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What should we call the "levels" of Querki?
One of the more radical plans I have for Querki, which I'm about to start playing with, is a UI with multiple "levels", so that you can choose the complexity you're comfortable with.

The thing is, Querki has several distinct audiences:
  • The *vast* majority of users just want solutions. They don't want to build anything, they just want to use what's out there, that suits their data needs. They will be using other peoples' Spaces, and creating Spaces based strictly on existing Apps.

  • Of the remainder, most are just going to want to create relatively straightforward Spaces -- building something customized to their needs but not especially fancy.

  • And then there are the programmers, who will be creating the really fancy Spaces and Apps and tuning the details to be Just So. Querki is *fun* for programmers -- once you have the hang of it, you can build pretty powerful stuff much more quickly than in traditional environments.
The thing is, there's a ton of power here for the programmers, that the average end user not only doesn't *need*, they actively don't *want* it -- it occupies conceptual space for no benefit. There are lots of features ranging from the fine-grained Security page to the Model Designer that are usually irrelevant for that first category.

At this point, I have a fairly good idea of which aspects of the system are useful for which of these audiences, and the notion I want to try is that the folks from the first set will see a much simpler, stripped-down and focused environment, whereas the programmers will see all the bells and whistles. (And the folks in the middle will see some but not all of it.) This is all self-selected, mind, and can be changed at any time.

The question is, what do I call these "levels"? I've been thinking Easy, Standard and Advanced, but in talking with Kate about it last night she reacted quite viscerally against those terms: she thinks they're basically meaningless to the target audiences. She recommended User, Builder and Programmer instead -- names based on the audience rather than the degree of functionality.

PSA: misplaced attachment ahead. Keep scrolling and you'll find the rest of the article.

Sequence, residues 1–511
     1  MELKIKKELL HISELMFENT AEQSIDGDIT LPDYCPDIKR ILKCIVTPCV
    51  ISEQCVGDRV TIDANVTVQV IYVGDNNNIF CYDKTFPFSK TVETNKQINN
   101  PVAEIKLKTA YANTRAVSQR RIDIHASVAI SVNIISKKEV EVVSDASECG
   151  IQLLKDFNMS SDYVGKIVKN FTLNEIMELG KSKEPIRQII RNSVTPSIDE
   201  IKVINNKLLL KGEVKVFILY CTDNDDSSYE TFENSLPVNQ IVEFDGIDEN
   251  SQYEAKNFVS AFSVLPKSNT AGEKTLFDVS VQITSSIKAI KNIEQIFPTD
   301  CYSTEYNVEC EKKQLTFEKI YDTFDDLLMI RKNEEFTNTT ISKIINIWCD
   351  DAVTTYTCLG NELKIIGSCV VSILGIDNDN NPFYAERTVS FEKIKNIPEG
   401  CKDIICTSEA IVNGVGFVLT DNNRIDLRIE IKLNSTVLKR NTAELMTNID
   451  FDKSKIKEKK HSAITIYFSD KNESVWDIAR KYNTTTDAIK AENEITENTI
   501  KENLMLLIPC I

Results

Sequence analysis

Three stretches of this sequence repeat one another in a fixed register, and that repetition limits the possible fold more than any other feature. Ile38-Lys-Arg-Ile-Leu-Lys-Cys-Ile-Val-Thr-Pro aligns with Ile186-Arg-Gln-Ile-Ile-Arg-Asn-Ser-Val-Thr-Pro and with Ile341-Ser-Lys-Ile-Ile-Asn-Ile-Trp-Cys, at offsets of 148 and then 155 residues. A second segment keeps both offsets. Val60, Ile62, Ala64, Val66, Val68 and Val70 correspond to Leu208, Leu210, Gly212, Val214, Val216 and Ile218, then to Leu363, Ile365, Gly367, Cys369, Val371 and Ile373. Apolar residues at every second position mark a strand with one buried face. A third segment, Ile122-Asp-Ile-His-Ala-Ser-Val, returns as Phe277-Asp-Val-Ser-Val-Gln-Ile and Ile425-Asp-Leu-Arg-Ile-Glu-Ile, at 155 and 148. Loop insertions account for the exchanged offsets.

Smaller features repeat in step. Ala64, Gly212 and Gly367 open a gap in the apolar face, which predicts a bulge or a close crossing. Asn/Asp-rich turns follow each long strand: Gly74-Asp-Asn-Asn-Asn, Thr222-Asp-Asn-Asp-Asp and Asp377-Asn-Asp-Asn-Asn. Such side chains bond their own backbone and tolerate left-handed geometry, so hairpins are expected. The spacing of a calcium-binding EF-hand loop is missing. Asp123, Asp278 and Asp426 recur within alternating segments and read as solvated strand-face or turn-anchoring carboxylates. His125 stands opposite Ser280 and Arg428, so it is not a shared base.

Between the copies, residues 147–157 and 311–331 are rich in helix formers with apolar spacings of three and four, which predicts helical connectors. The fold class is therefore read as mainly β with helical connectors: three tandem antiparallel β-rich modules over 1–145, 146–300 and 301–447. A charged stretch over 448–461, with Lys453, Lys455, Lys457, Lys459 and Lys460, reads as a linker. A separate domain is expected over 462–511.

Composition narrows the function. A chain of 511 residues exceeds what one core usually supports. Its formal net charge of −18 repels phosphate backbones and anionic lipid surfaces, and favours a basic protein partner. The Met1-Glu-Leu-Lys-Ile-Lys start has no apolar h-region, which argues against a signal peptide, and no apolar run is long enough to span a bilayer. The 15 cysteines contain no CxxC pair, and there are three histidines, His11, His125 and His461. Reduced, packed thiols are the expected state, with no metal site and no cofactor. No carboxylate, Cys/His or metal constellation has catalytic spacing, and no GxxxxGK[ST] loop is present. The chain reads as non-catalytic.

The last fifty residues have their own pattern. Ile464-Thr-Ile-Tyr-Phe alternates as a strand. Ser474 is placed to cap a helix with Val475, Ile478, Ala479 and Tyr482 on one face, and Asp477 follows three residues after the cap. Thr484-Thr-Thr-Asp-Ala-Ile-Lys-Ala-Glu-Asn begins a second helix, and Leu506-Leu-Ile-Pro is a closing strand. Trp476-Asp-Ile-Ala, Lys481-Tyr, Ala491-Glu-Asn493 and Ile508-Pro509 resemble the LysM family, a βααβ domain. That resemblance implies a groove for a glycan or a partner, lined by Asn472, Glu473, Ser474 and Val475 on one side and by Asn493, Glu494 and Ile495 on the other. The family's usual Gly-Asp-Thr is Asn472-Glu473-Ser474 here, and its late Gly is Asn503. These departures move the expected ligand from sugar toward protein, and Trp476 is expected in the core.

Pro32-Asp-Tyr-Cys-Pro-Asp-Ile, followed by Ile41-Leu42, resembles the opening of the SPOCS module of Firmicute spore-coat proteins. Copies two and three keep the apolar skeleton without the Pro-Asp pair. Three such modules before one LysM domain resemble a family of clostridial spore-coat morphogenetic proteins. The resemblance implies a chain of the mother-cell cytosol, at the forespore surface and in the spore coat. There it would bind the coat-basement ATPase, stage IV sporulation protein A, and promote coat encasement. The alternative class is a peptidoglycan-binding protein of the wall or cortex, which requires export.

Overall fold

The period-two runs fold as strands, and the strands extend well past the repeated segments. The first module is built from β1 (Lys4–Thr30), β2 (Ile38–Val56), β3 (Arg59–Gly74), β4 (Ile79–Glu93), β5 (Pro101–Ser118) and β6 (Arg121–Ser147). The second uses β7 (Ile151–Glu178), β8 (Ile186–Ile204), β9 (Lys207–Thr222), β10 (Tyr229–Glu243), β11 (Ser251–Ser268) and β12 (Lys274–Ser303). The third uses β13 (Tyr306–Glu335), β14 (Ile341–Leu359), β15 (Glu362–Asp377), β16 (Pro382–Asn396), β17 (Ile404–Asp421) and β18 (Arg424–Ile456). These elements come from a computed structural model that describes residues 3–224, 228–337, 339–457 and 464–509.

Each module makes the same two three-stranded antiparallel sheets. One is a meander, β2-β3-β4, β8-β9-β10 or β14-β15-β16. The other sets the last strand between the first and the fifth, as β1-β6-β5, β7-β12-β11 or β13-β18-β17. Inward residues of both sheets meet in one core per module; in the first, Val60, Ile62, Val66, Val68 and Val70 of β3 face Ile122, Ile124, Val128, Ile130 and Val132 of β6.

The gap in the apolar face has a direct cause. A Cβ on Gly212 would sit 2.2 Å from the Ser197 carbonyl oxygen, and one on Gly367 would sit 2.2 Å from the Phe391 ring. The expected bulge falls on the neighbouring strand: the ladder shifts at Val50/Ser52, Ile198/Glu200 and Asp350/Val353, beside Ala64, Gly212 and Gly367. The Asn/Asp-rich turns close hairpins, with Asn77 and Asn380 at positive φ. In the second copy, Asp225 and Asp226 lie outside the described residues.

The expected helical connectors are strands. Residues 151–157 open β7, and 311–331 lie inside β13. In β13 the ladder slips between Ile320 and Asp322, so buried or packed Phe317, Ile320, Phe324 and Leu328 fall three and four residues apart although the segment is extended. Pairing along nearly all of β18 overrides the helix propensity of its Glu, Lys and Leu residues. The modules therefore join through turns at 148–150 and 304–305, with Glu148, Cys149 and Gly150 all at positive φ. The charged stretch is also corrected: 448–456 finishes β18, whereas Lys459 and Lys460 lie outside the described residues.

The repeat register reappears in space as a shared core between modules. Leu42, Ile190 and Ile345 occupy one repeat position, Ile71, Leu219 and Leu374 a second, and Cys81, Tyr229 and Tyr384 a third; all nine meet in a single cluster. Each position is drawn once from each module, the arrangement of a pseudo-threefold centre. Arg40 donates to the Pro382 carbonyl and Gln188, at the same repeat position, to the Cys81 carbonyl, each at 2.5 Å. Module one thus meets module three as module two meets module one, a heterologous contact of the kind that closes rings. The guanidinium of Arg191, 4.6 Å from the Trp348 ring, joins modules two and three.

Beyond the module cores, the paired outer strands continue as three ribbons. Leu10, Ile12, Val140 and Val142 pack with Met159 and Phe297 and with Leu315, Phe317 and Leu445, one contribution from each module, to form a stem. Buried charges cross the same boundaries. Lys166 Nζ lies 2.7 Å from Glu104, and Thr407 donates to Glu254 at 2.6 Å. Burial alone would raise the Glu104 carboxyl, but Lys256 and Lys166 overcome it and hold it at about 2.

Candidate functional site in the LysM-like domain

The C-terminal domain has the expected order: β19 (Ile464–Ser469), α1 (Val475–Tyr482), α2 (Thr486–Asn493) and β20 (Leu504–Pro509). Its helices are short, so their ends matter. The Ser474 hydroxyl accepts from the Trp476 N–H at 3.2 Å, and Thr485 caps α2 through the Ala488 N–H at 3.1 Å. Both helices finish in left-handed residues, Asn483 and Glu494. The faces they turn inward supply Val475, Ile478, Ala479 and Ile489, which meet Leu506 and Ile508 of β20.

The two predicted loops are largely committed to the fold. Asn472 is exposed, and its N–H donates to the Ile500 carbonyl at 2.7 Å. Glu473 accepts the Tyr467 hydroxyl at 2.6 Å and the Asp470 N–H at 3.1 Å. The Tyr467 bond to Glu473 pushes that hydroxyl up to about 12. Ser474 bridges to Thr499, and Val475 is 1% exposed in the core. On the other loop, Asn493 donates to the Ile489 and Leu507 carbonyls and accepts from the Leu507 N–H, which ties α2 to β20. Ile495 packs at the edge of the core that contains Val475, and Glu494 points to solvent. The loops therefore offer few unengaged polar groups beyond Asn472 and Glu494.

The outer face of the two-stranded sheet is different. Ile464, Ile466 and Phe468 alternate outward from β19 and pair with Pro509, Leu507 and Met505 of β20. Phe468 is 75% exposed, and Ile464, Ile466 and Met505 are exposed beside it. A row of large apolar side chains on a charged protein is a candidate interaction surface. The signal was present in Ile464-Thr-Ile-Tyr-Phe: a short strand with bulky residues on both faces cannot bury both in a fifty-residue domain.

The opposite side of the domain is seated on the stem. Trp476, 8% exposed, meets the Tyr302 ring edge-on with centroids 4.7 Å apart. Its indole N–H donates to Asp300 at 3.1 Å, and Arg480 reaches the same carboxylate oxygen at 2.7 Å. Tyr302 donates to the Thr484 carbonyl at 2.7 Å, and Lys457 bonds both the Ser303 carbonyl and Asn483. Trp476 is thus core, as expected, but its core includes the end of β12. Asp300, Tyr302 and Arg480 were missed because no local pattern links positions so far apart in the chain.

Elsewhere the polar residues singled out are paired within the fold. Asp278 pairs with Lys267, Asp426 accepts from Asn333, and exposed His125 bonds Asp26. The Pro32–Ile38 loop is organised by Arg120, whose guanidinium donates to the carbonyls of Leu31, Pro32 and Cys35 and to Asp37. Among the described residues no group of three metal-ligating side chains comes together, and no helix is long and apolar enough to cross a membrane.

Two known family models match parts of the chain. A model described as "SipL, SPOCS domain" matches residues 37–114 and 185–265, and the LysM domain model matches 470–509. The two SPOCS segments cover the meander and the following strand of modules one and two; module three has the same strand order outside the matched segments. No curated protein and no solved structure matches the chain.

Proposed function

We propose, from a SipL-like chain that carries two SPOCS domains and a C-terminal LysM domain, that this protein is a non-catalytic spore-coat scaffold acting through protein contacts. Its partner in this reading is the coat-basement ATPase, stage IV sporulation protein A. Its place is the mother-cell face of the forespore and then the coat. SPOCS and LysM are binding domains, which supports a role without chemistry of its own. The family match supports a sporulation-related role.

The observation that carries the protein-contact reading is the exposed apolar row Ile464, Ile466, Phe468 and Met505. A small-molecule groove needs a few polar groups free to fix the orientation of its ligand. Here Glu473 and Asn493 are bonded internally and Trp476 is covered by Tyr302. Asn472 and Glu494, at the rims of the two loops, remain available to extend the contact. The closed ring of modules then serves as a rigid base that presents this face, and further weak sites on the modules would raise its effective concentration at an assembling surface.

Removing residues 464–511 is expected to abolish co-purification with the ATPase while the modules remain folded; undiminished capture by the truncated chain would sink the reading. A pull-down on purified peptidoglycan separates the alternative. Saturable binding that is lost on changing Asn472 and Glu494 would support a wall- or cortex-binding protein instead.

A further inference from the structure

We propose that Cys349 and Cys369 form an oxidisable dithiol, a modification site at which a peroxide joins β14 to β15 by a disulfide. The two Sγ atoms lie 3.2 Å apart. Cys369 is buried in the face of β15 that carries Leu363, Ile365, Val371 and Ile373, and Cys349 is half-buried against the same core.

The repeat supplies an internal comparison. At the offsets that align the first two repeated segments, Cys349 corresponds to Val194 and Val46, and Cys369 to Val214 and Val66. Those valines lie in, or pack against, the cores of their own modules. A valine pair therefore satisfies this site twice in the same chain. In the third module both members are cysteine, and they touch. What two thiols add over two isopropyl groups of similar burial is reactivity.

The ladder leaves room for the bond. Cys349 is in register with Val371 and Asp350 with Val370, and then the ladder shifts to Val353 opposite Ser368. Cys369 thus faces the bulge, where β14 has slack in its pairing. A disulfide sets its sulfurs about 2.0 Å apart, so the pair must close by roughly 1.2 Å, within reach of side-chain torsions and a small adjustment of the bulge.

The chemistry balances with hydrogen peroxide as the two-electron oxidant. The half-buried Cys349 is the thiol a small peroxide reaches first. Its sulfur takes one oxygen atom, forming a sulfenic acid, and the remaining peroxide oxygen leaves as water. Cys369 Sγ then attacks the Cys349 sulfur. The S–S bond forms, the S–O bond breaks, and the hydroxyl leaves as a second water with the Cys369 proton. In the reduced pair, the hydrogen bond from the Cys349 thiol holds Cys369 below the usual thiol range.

I think she's got a good point here, but I think it's worth a bit of brainstorming. So -- opinions? Suggestions? Obviously, we can change these terms later if we need to, but it's always easiest if we can hash out this sort of argument in advance and get it right the fight time...

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I think she's right. You might change User to Member, or Participant, or something similar, but role-based names are really good: "I want to build something, but I'm not a programmer, so clearly I should set this thing to Build Mode."

Hmm. I like Participant, but I think the connotations aren't *quite* right, since this is still aimed at people creating their own Spaces. I'm trying to find a word that means, "I just want to keep track of some stuff, but don't want to do any of this design crap"...

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Intriguing approach -- I'll chew on that. Thanks!

I lean very strongly toward's Kate's answer with the exception that I loathe the term "user." there are only two industries that call their customers "users" and illegal drugs is one of them.